Up to now the literature reviewed of project complexity has focused predominately on the lack of consensus regarding its definition and the complexity typology. From the theoretical approaches explored, it could be argued that managing project complexity through the utilisation of effective lean construction techniques should be fairly straightforward. However failure of the theoretical approaches to address the relationship between theory and practice challenged this supposition. Complexity theory, in relation to construction project delivery has been strongly challenged in recent years by a number of researchers. Xia and Chan [2] pointed out that if construction project complexity was addressed via the behaviour of complex network in complexity theory, then the unpredictable and emergent nature of such a network would potentially inhibit the application of any linear approach. The context of complexity within construction projects has raised the question as to how senior construction managers can go about facing the challenges of project complexity, developing an infrastructure of improved construction project delivery. Lean construction ensures predictable flow, and an enhanced capability to deal with uncertainty and complexity in construction project delivery. Lean methods have been found to improve the dependability of construction project delivery in complex sites, by decomposing the scope of the project into small manageable parts. Construction projects are not intrinsically multifaceted, but because of the challenges encountered during implementation they can become complex. It is crucial that throughout the project life cycle senior managers develop plans and standardise with the purpose of managing complexity in the most efficient way. Incessant communication and coordination during the delivery of a complex construction project facilitates effective management of project complexity.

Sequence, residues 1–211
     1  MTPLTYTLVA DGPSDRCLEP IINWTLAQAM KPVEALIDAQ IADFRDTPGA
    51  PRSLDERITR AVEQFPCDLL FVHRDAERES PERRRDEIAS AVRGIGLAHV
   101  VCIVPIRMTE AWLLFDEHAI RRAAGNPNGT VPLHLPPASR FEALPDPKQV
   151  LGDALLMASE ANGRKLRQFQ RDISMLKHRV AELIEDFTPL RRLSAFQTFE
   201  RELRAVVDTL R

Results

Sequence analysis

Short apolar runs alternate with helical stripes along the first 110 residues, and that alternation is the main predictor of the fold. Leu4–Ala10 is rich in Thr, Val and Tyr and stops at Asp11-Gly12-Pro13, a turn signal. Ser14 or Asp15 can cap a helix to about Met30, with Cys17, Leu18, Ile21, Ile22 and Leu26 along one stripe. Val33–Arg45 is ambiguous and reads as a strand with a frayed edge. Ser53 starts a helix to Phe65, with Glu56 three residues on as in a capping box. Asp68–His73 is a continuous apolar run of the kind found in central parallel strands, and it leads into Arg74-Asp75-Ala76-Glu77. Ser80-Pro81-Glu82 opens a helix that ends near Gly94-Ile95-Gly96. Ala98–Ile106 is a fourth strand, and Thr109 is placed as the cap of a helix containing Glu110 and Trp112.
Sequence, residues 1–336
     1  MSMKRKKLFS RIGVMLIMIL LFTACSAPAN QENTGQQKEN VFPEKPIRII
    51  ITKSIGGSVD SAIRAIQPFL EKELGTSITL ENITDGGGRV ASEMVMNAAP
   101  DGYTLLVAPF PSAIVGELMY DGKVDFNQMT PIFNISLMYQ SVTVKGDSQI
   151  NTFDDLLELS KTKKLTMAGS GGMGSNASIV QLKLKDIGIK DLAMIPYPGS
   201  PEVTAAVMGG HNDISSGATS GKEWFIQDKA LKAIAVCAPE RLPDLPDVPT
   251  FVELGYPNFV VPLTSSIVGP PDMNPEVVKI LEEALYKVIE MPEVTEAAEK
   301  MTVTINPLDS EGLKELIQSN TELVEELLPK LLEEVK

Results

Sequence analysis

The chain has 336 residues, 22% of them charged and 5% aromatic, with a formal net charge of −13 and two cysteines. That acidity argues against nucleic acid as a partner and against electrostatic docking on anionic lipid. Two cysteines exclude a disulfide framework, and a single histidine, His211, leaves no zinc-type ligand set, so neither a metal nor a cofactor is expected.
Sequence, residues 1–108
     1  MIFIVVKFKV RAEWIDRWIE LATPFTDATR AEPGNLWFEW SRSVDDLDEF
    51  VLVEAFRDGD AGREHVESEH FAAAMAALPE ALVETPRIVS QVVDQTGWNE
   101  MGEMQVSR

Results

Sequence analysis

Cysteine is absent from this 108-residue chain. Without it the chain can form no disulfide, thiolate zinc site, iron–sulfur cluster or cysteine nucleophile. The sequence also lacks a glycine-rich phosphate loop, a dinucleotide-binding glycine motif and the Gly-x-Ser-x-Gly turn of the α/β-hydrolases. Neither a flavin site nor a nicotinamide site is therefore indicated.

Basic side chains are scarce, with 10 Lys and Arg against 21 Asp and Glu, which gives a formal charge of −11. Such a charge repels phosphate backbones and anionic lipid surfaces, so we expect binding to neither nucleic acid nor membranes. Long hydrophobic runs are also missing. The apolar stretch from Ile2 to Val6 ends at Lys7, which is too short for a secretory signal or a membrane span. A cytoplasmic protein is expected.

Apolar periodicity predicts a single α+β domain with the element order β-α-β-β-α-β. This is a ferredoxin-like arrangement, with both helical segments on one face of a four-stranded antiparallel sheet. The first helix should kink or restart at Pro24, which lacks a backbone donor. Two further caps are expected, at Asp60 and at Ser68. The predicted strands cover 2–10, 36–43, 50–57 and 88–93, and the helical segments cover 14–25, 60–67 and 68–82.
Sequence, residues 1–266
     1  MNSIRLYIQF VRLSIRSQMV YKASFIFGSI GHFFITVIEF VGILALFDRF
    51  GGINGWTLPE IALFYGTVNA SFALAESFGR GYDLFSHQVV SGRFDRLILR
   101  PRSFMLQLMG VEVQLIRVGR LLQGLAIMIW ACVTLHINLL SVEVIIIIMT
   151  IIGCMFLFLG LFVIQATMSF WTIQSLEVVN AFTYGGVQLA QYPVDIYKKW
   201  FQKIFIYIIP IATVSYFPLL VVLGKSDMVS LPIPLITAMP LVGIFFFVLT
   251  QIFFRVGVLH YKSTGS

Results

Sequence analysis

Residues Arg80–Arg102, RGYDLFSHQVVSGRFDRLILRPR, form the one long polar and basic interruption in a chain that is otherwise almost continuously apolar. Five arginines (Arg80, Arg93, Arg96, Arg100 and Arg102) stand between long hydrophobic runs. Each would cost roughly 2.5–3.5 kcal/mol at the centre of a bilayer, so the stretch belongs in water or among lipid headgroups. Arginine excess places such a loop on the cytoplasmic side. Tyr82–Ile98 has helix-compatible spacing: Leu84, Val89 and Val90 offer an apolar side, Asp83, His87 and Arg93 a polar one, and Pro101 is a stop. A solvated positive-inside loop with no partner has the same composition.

References

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  2. Xia B, Chan APC (2012) Measuring complexity for building projects: a Delphi study.Engineering, Construction and Architectural Management 19: 7–24.
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Citation: Ochieng E, Hughes L (2013) Managing Project Complexity in Construction Projects: The way Forward. J Archit Eng Tech 2: e111. Doi: 10.4172/2168-9717.1000e111

Copyright: ©2013 Ochieng E, et al. This is an open-access article distributed under the terms of the Creative Commons Attribution License, which permits unrestricted use, distribution, and reproduction in any medium, provided the original author and source are credited.